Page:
‘Crypto is going to be the most significant macro event of my career,’ says longtime investment analyst Jim Bianco – MarketWatch

Jim Bianco, president of Chicago-based Bianco Research, has been one of the leading independent voices on macro investing strategy over the past three decades.

He appears frequently on television, writes a column for Bloomberg Opinion and is active on Twitter, where he has over 113,000 followers.

Bianco argues we’re at inflection points in inflation, stock and bond markets, and crypto currencies.

The U.S. economy is widely expected by analysts to boom this year, with Goldman Sachs researchers expecting a 7.2% increase in 2021 gross domestic product. The benchmark 10-year Treasury’s yield has already tripled from a low last year on expectations of faster inflation as states loosened coronavirus restrictions. Stock market investors, meanwhile, have rotated into value stocks, cyclically sensitive companies and financials, selling pandemic winners such as software, renewable energy and the big tech giants known as the FAANGs, which have been spectacular performers for years.

An edited version of our Q&A follows.

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Jim Bianco.

Howard Gold: You’ve been writing about inflation versus reflation. What is the difference, and which one do you think we’re going to experience?

Jim Bianco: Reflation is real growth. It’s standards of living expanding. It’s better profitability. It’s the economy getting better. Inflation is higher prices, a loss of purchasing power, so that your dollar next year will buy you less than a dollar this year.

Inflation hit its zenith around 1980. But it wasn’t really until the mid-1990’s that it essentially went away. There are three drivers of low and steady inflation — demographics, globalization and technology. When you get older, you’ve already got a house, you’ve already got a car, you don’t need to spend as much. So that helps to depress inflation. Globalization means you can search the world to find the lowest price. And technology has been hugely deflationary. Technology really kicked in around the mid-1990s, because that’s when the internet took off. So it’s been about 25 years that we’ve had very low, very stable inflation.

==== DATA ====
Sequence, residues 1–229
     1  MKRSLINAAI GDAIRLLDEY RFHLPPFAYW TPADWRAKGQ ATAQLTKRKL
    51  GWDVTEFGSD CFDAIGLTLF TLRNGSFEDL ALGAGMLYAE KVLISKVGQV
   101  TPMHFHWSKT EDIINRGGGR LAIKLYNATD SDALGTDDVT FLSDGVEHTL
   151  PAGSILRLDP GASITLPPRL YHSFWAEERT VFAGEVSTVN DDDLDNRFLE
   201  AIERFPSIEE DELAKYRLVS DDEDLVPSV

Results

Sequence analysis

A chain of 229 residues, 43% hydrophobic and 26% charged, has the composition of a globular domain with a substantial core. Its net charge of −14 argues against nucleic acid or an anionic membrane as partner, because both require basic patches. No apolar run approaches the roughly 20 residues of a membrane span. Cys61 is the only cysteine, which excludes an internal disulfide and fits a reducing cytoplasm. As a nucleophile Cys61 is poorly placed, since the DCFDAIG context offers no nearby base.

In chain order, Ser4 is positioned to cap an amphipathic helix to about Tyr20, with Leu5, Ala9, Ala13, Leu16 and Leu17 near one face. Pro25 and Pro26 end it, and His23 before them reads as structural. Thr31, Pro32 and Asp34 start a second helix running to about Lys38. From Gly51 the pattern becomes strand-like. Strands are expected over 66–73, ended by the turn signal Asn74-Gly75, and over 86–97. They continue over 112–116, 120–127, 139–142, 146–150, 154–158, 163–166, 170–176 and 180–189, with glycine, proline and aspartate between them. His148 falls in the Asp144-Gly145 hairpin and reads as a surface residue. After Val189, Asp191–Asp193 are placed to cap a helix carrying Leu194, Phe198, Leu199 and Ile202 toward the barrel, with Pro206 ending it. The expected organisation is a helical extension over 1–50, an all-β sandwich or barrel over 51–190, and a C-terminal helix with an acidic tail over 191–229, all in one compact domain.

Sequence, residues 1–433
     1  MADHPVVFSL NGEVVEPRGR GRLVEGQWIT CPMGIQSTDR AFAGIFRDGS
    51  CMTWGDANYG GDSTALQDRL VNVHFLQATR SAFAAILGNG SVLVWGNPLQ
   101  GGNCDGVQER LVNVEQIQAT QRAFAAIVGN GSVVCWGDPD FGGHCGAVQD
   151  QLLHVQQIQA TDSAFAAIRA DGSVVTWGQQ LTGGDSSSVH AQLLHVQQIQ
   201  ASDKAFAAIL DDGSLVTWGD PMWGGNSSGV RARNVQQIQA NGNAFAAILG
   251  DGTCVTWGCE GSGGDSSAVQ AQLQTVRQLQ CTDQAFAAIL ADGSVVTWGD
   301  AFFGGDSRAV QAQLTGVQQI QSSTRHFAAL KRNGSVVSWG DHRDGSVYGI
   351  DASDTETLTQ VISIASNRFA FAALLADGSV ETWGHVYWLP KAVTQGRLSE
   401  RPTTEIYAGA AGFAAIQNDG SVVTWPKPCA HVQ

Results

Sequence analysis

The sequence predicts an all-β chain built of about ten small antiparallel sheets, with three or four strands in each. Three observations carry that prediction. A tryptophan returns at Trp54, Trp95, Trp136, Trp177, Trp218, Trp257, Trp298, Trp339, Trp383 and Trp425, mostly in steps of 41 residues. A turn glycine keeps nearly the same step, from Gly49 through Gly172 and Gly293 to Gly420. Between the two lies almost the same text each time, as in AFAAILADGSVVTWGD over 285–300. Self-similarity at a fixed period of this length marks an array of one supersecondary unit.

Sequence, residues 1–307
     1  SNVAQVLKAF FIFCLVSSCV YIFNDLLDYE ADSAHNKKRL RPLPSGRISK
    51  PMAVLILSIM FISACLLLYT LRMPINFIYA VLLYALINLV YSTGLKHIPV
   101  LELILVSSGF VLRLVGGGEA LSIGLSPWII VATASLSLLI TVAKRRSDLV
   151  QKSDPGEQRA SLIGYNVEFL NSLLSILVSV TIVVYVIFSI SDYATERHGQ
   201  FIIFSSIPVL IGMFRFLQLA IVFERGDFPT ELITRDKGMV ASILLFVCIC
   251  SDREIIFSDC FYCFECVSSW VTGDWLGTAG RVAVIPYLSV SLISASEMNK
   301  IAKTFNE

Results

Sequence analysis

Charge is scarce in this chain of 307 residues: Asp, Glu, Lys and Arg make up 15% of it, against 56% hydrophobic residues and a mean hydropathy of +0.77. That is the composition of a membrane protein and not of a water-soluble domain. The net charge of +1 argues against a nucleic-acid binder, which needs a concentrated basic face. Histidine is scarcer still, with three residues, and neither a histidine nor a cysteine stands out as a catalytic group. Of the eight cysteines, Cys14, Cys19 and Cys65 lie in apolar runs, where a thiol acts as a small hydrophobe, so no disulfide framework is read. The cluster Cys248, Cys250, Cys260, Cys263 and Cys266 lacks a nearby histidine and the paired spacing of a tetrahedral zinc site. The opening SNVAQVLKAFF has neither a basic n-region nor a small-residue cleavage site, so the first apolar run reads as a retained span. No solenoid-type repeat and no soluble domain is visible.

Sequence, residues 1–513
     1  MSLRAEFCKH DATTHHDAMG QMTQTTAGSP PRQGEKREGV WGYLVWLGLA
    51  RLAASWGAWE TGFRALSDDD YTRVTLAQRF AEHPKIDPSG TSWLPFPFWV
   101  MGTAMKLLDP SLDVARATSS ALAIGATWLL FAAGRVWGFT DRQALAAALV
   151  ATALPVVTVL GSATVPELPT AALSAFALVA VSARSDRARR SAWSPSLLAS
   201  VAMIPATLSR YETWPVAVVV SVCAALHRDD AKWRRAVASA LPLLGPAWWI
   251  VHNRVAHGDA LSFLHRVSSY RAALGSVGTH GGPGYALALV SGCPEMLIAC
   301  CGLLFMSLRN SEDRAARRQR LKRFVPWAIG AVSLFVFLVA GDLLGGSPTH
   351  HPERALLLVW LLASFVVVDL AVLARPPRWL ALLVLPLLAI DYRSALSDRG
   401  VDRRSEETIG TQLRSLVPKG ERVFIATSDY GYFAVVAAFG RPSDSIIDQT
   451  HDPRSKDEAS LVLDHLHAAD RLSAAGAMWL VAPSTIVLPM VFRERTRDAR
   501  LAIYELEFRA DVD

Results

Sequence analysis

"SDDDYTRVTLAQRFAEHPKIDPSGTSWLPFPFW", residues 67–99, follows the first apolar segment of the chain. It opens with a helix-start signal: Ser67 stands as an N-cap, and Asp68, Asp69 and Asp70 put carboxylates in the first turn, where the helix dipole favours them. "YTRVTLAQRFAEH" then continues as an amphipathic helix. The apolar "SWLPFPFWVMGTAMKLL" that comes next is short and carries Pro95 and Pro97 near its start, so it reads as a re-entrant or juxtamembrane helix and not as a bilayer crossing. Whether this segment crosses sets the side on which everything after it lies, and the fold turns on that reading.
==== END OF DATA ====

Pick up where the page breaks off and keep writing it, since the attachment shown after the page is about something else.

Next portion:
Gold: How much inflation do you expect?

Bianco: I’m going to look for 2.6% core PCE (personal consumption expenditures price index). It has not been above 2 .5% in 28 years.

We’ve got 100 million [checks] that are supposed to go out, each one for $1,400. So, we’re stuffing people full of money, and this is the third set of checks that we’ve had, and we’re not done. Between the CARES Act, the $900 billion that we did in December, and the $1.9 trillion [under President Biden], we are at around $6 trillion. That doesn’t include monetary policy [or] whatever else may come for the rest of this year. That has blown up the deficit to $3.6 trillion, or 16% of GDP. There have only been three years in American history that the deficit as a percentage of GDP has been that high — 1943, 1944 and 1945.